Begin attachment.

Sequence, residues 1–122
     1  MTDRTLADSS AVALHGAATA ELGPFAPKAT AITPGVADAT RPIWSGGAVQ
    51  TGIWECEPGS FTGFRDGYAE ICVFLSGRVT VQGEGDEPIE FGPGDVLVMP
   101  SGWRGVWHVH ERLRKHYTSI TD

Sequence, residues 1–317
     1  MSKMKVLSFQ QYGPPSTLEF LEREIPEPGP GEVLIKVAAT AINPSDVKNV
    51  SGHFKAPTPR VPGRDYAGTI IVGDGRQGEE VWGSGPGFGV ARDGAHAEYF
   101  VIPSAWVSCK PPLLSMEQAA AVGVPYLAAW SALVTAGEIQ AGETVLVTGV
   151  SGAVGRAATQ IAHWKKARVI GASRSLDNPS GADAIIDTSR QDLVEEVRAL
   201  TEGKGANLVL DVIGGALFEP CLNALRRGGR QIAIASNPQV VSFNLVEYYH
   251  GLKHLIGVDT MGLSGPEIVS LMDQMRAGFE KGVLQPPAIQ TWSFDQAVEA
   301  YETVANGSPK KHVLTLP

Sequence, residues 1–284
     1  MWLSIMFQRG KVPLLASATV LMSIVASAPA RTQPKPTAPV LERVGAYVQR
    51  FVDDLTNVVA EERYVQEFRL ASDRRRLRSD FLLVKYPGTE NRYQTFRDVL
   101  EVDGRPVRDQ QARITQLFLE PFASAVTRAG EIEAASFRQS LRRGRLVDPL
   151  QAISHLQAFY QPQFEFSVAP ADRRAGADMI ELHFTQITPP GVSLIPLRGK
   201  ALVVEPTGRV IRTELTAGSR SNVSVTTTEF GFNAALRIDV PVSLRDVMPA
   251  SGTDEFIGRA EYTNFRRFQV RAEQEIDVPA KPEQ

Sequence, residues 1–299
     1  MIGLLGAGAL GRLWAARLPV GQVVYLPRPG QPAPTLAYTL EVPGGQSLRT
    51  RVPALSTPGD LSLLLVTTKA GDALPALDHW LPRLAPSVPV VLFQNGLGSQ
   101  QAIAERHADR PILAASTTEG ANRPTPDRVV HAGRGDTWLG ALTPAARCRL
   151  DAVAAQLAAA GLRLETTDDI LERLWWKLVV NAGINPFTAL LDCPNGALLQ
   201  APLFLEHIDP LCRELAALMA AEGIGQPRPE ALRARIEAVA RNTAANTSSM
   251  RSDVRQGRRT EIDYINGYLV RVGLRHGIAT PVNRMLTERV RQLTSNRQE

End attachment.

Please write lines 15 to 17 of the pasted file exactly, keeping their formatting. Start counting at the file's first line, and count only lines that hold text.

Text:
    51  FVDDLTNVVA EERYVQEFRL ASDRRRLRSD FLLVKYPGTE NRYQTFRDVL
   101  EVDGRPVRDQ QARITQLFLE PFASAVTRAG EIEAASFRQS LRRGRLVDPL
   151  QAISHLQAFY QPQFEFSVAP ADRRAGADMI ELHFTQITPP GVSLIPLRGK